And that was to be tonight’s post. Yes, it’s a veiled political statement. I short jab. But as a total aside, I must take this time to acknowledge the recent death of Chris Cornell. My friend, a much younger friend, wrote on FB about the music of Soundgarden helping her get her degree, motivating her to forge on. It was a lovely sentiment I thought, but I didn’t know his name, though I’d heard of Audioslave and Soundgarden, and until this week didn’t realize how much of their music I’d heard and that I could recognize his voice. It was not music that had any impact on me, but it did on my friend and apparently many others. I do know how it feels to lose an artist that impacted my life, like Bowie, Cynthia Robinson of Sly and the Family Stone, the amazing Lesley Gore, and to a lesser extent Joe Cocker and Leon Russell. And those are just the most recent ones. What I mean is, when the art of an artist touches you in some way, and though they don’t know you from a hole in the wall, they’ve seen you through tough times and happy times as well, or just gave you a needed boost, it’s hard when you then lose them and it’s a very personal pang to the heart. Condolences friend.


May 14, 2017 / thackersam

Mr. Buzz Kill or Life Beyond the Rally

My boss, whom we will refer to as Buzz, for obvious reasons, is a real Debbie Downer, a Negative Nancy, a Doubting Thomas, and one big buzz kill, ergo, his new moniker (he’s also a bit of a Nosy Parker). I have long nicknamed him Mr. Curmudgeon and stuck a big yellow smiley face on his office door. It’s still there. He likes it.

But oh, how he loves to argue every point and you just want to bop him upside the head. And mind you he’s one of those guys who has to have his phone on at all times because god forbid he misses a call just because he’s in a pesky meeting in which we are reporting on our recent trip to New Orleans and what we learned at the conference. Bop. For some strange reason, on this day he had changed his usual ringtone, Van Halen’s “Jump” to that Hall and Oates ditty, “You Make My Dreams Come True.” It was just oddly optimistic of him, particularly since he spent the majority of two hours bursting every bubble I had brought back with me. I never know though which one he is going to present as his own idea.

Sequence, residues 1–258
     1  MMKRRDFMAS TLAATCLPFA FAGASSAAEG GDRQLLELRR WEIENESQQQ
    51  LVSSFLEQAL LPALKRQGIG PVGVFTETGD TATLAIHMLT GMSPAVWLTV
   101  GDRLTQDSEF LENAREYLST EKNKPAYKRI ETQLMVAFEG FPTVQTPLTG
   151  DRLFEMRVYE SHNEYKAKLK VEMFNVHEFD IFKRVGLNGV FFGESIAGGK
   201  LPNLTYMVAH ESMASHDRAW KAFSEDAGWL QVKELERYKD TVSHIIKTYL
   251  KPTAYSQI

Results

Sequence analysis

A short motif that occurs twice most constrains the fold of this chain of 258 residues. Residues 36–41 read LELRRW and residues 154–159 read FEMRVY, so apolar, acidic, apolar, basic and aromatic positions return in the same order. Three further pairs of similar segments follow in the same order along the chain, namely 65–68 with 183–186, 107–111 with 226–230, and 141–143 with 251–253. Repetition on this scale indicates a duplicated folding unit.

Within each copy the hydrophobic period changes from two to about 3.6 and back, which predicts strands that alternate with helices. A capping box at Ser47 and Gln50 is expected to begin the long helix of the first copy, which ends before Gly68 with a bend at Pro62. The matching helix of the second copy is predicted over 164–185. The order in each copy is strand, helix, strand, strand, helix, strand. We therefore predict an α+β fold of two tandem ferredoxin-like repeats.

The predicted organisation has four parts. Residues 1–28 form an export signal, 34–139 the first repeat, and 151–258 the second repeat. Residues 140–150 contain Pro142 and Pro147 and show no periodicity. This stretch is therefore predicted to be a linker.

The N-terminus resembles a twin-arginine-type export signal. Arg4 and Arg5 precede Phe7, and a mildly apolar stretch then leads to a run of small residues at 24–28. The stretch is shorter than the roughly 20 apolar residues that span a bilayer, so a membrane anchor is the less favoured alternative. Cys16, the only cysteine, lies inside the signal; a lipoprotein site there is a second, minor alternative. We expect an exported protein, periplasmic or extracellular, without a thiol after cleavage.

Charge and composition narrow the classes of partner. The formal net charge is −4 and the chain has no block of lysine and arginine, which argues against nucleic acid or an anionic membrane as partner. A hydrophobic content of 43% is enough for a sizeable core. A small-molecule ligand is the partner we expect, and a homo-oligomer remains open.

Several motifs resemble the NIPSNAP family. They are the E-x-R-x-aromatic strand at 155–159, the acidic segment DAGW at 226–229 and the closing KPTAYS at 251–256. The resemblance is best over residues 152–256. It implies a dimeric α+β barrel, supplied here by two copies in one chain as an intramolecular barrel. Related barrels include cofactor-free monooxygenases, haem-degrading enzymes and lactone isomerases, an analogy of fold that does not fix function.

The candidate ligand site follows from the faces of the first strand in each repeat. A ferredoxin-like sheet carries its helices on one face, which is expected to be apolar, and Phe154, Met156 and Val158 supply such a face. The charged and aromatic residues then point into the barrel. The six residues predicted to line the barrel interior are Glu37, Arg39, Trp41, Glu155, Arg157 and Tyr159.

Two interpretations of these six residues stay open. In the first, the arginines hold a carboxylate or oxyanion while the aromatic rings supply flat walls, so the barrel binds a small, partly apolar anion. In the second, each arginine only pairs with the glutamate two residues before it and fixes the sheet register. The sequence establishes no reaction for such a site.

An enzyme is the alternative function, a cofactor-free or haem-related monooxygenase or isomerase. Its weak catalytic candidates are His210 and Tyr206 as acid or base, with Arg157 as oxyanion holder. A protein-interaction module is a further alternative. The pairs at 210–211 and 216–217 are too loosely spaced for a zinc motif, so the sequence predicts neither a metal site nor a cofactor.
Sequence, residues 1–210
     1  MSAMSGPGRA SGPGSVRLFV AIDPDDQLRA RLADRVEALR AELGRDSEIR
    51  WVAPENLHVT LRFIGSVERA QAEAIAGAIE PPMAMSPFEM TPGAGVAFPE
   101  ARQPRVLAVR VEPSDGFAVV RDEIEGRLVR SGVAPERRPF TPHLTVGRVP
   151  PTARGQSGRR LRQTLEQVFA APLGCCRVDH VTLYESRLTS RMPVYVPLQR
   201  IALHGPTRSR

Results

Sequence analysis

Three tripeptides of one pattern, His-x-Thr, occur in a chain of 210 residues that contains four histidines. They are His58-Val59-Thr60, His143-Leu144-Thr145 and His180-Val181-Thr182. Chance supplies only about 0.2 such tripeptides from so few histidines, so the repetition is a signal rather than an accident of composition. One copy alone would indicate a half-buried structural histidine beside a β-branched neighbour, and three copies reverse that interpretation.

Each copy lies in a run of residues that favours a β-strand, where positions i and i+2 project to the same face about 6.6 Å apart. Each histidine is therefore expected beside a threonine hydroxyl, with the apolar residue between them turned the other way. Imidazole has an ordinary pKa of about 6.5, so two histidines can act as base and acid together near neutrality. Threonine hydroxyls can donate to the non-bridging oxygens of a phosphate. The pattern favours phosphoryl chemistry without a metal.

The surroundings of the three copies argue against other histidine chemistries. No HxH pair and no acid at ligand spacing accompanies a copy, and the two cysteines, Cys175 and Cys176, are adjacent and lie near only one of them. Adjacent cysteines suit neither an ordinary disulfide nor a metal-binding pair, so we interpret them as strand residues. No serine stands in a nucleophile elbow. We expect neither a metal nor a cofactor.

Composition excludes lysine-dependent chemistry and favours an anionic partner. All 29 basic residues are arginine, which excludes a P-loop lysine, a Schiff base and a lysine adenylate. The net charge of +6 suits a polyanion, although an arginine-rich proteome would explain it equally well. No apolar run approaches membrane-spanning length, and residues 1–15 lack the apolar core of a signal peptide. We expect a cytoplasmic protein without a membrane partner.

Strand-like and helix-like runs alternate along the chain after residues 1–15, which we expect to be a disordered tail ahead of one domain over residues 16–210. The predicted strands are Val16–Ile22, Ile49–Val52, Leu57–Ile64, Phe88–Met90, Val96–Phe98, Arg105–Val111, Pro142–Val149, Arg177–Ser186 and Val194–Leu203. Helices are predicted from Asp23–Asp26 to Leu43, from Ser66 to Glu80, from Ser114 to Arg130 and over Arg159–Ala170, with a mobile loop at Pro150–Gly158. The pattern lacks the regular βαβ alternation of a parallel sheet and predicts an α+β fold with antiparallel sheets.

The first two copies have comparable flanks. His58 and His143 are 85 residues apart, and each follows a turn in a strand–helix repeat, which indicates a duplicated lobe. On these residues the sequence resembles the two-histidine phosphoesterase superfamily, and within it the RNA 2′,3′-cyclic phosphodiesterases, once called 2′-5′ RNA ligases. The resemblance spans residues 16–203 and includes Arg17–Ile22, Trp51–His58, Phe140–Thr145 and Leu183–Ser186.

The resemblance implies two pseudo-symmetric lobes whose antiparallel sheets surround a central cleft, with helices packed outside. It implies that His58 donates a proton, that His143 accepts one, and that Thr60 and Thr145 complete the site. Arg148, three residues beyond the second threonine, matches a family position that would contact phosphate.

The next day, when his ringtone had returned to the better suited “Jump,” as I sat across from him in his office while he fiddled with his hearing aid, the battery flew up and dropped on the floor, somewhere. It had done a bounce and roll. Buzz crawled on the floor as I suggested that maybe my slighter build and two working eyes would be more useful. “Have you thought about how you’re going to get up,” I mused, but I don’t know if he heard me. He was laying practically splat on the floor behind his big imposing desk, concentrating on an area under the side desk. I hovered over him then glanced at the door that I always close behind me when I’m in his office, because we often disagree, loudly. I laughed. “I hope no one comes in now, because they’ll think I’ve killed you,” I said. I think he may have heard that one.